This layer can be scary because it looks so radical...but it basically what gives the skin its luminosity. Some people start with it but I wait until the surrounding areas are well established before I use any white paint.
I usually save the face until last because the skin tones are determined by what surrounds it.
First, I draw the face in with raw umber and let it dry. Then I begin to use pure zinc white - straight from the tube and build form. Later I begin to use the more opaque titanium white paint.
I don't usually paint over a color (as in the hair) but I realized that I needed to build the light on the face and hair all together.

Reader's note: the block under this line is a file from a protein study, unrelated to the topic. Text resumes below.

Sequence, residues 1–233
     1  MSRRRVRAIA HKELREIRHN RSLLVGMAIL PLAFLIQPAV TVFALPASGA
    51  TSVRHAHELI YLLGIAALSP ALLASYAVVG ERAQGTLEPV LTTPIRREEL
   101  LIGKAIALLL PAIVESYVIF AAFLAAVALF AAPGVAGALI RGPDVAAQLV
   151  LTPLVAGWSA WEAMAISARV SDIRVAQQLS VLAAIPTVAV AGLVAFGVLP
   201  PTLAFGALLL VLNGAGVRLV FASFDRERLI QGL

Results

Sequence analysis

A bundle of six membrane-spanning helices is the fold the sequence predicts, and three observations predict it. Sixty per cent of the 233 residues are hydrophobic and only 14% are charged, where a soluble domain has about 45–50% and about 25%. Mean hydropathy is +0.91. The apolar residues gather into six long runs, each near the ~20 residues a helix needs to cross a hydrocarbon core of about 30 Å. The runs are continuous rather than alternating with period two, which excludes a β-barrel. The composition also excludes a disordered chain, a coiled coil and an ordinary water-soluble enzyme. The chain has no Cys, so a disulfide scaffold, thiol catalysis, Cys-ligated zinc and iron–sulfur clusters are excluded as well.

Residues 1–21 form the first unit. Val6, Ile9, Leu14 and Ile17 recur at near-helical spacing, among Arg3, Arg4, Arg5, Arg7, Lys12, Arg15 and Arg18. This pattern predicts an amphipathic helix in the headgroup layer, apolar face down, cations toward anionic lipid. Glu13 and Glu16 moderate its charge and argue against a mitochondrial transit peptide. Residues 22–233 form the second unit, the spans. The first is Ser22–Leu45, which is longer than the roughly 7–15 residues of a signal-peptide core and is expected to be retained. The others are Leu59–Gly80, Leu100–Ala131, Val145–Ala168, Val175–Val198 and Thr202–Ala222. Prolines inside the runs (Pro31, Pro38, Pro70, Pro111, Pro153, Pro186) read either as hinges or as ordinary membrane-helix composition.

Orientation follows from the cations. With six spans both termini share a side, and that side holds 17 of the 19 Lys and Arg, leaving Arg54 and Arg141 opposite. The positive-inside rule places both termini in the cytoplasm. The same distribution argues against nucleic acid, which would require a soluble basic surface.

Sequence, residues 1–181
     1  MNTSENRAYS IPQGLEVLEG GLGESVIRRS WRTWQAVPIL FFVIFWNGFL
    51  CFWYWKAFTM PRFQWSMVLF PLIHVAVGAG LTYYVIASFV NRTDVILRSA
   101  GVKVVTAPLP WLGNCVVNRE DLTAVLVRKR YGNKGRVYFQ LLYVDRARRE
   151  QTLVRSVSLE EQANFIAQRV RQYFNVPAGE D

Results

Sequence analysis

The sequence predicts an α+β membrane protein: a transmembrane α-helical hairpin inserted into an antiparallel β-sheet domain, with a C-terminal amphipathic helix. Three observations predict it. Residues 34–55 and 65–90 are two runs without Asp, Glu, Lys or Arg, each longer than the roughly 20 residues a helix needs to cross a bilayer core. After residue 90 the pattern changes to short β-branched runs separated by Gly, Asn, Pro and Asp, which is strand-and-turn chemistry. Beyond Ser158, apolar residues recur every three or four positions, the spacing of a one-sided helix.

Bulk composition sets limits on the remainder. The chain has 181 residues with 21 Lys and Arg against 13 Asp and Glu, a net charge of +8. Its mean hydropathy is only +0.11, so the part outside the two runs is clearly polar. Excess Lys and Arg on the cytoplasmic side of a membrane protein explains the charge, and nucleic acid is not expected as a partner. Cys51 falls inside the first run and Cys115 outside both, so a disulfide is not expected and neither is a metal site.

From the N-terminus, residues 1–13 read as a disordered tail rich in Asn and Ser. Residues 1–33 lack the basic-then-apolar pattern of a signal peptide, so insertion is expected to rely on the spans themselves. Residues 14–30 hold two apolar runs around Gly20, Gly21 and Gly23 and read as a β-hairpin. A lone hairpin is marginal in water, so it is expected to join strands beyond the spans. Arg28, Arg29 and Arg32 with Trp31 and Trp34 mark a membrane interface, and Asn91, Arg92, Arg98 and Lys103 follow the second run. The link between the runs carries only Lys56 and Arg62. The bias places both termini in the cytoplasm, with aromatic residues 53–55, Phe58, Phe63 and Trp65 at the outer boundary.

The face underpainting is finished. It make several days and is a very slow process. It takes as long as it takes. It is necessary to get a likeness starting now.
Here are the finished hands. I always underpaint any skin that shows.
I think that this stage looks scary. It throws all the colors and values off and suddenly the painting looks dark and dreary.
But take heart, it is only a temporary condition.
Next step - glaze.